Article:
A sunny afternoon at Pine River in the Wild Rivers Legacy Forest.

Wild Rivers Legacy Forest in Northern Wisconsin

A signature achievement for preservation and sustainable forestry made possible by the largest Knowles-Nelson investment in history.

Covering 64,600 acres of the state’s beautiful Northwoods, the Wild Rivers Legacy Forest was the largest land conservation transaction in Wisconsin history when it was purchased in 2006 from International Paper for $83.675 million. The sale was made possible, in large part, thanks to a $39 million grant by the Knowles-Nelson Stewardship Program.

The Wild Rivers Legacy Forest represents a historic partnership among The Nature Conservancy, the State of Wisconsin, and timber partners who worked together to conserve the 101 square miles of forests, lakes, and rivers in Florence, Forest, and Marinette counties in northeast Wisconsin.

A creek flows through the Wild Rivers Legacy Forest, preservation of which was made possible by the Knowles-Nelson Stewardship Program.
The Wild Rivers Legacy Forest during the fall in Northern Wisconsin. Photo by Gail Van Sluys.

More than 14 miles of two wild rivers—the Pine and the Popple—flow through the Wild Rivers Legacy Forest. The property also contains one of the finest remaining wild lakes complexes in Wisconsin, composed of Savage, Dorothy, Mud, and Robago lakes. Sugar maple, basswood, hemlock, and yellow birch trees preside over a forest understory of maidenhair ferns, club mosses, and great white trillium. Wildlife, including bears, flying squirrels, and porcupines, is abundant.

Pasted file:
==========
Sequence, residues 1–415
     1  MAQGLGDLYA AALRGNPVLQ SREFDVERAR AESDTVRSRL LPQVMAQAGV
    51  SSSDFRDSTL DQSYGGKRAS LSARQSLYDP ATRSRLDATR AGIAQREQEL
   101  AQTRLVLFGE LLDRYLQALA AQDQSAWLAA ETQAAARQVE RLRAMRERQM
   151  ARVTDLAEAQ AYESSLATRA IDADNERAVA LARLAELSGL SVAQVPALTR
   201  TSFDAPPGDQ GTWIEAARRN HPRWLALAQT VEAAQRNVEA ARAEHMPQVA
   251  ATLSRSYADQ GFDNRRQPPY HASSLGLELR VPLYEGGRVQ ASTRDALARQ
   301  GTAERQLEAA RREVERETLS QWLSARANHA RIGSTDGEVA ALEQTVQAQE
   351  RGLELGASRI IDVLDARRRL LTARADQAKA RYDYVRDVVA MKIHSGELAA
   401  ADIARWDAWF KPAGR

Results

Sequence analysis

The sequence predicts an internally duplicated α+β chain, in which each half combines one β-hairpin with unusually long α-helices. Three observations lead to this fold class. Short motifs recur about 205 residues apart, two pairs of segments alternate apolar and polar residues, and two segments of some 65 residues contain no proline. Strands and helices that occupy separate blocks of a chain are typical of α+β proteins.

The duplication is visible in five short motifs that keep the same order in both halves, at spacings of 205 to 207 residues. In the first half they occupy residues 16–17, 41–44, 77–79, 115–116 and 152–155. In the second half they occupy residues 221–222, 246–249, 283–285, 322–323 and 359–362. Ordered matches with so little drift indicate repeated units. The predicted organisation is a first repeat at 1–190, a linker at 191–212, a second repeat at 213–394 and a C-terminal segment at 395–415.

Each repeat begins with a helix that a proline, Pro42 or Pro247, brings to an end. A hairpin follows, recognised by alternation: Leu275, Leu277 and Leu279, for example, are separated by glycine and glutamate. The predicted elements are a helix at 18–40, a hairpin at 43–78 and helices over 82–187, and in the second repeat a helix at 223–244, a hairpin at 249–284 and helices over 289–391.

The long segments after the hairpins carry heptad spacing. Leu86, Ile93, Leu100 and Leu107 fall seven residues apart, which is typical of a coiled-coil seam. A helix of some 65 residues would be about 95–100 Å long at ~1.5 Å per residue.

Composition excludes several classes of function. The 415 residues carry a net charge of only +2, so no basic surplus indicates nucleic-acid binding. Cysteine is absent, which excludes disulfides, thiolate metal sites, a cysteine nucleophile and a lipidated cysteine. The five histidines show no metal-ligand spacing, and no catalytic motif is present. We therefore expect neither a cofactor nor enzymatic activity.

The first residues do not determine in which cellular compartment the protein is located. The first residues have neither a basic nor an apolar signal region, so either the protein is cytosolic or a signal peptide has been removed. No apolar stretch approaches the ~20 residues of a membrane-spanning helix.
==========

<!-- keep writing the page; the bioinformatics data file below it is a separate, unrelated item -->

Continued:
The area also provides important wildlife habitat for migratory songbirds, waterfowl, and marsh birds; nesting and feeding areas for eagles, ospreys, and loons; and excellent quality, cold water streams for trout and river otter.

The state now owns the heart of the Wild Rivers Legacy Forest—a core of wild and scenic rivers and lakes comprising 5,629 acres in Florence County. Together with TNC, it also owns a working forest conservation easement on nearly 59,000 acres. The timber companies own that land and the right to manage it for timber production, but the people of Wisconsin own the public access and development rights as well as the right to ensure that forestry activities are conducted in ways that protect wildlife habitat, water quality, and forest health and diversity while maintaining local forest industry jobs.

Featured image by Jeff Richter, courtesy of TNC Wisconsin.

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